In essence, Sir John's invisibility cloak relies on refraction, the same property of light seen when a prism casts a rainbow. Refraction can also be seen by poking a pencil into a glass of water. The underwater portion will appear to be offset from the rest because of the bending of light as it moves from one medium to another– from water to air. A few years ago Sir John and his physicist friends reflected upon the idea of using refraction to bend light completely around an object. If this were possible, the light would emerge on the other side, unchanged, as if the object were not there at all.
Refraction through waterOf course this simple idea isn't quite so simple in application. The researchers' first obstacle was the precision light-bending this method requires. There simply weren't any materials with quite the right properties to bend light in the necessary semi-circle, nor were any naturally occurring materials good candidates for the position. So the scientists looked to metamaterials– substances whose electromagnetic properties are dependent upon tightly designed internal structures rather than on their chemical composition.
Guided by a theoretical design published in an earlier paper, and working in concert with researchers at Duke University, Sir John and his team created a five-inch round cloak using a metamaterial structured in two-dimensional concentric rings, specifically designed for this purpose. This unique configuration is thought to be one of the most complex metamaterial structures ever made. Their first goal was to make a material that was "invisible" to microwave radiation since microwaves are a longer wavelength than visible light– millimeters rather than nanometers– and therefore easier to manipulate.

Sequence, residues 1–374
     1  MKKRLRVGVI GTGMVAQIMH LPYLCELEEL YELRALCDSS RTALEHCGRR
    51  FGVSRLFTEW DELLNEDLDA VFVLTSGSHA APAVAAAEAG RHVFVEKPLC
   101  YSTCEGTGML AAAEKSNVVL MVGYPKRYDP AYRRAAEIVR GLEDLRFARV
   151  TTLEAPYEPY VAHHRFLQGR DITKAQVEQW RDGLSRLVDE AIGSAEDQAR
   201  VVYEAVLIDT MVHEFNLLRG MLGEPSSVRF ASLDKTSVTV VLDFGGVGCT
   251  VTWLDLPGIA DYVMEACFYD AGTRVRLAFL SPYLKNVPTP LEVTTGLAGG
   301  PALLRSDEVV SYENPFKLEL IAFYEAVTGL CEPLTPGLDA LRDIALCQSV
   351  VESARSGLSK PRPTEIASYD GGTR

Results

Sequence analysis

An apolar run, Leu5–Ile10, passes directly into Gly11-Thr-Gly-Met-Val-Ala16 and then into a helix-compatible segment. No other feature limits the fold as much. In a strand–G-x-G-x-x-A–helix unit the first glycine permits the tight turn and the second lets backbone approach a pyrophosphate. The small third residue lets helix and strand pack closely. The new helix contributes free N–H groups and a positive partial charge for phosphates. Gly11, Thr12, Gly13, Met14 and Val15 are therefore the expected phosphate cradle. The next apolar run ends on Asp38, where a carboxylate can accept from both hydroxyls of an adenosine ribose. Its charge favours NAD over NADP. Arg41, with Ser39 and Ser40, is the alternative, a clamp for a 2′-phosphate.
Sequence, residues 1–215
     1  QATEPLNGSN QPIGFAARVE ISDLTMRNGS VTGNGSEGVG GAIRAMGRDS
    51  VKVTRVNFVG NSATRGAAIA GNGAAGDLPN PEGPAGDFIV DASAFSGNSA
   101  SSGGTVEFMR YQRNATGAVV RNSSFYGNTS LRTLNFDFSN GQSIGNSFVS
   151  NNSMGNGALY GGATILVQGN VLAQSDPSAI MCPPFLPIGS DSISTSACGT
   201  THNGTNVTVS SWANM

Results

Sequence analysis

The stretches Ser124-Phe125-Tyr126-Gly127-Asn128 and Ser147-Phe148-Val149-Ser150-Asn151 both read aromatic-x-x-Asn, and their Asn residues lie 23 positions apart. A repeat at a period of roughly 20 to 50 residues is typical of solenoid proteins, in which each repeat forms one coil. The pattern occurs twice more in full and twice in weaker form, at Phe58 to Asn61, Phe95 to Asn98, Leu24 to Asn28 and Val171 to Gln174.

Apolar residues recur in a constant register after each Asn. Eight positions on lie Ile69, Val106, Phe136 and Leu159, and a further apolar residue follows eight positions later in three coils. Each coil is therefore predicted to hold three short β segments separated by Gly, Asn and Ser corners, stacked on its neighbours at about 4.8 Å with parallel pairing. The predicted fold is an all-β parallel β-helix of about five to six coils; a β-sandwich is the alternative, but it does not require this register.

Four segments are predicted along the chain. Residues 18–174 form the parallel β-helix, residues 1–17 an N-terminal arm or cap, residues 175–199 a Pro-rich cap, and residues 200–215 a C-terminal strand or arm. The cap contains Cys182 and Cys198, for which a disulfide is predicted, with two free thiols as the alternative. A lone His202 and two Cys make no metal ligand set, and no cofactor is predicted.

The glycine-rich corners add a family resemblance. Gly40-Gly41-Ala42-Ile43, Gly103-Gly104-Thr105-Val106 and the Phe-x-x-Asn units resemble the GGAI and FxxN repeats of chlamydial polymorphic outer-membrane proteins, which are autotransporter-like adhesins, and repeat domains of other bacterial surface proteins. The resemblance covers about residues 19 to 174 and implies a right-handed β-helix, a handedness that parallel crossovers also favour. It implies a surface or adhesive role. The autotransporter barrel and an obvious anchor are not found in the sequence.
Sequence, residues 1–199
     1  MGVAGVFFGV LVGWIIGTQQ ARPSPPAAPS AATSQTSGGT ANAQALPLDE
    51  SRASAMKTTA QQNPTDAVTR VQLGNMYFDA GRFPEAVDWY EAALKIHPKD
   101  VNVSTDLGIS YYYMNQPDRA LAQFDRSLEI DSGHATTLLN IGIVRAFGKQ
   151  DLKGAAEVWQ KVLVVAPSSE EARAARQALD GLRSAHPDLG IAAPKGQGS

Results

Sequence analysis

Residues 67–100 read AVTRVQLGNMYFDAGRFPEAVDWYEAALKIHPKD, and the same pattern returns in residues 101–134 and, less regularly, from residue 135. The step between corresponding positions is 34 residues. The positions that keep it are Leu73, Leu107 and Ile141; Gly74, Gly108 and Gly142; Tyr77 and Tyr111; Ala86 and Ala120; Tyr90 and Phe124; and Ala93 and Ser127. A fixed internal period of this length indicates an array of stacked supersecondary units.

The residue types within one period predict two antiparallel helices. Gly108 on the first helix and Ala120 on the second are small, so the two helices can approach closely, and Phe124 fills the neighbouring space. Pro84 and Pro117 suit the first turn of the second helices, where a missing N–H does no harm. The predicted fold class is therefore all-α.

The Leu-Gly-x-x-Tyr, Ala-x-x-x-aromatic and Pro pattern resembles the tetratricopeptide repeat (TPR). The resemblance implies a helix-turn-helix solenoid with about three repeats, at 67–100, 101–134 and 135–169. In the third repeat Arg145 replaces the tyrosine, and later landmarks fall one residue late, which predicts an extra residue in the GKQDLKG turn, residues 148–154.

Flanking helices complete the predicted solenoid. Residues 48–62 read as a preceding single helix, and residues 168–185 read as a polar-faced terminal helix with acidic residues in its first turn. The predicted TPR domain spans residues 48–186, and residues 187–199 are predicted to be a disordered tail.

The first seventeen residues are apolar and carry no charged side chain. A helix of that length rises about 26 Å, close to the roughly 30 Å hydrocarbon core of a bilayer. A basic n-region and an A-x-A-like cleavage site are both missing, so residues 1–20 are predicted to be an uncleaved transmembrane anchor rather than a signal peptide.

BBC Radio 4 recently broadcast a documentary on the effects of the new generation of anti-sleep drugs on health and society.
Drugs, such as modafinil and adrafinil, seem to remove the need for sleep and promote alertness while having minimal side-effects in most users.
Unlike older drugs which prevent sleep, such as amphetamine, these drugs typically don't feel pleasurable and have few other effects, meaning they are less likely to be used recreationally or lead to compulsive use.
Originally used to treat sleep disorders, there is now a large grey market for these compounds, as people use them to extend their work or play time.
The BBC documentary tackles the possible effects on society of being able to easily manipulate and delete the need for sleep at will, as well as investigating the possible mind and brain consequences of not sleeping for long periods.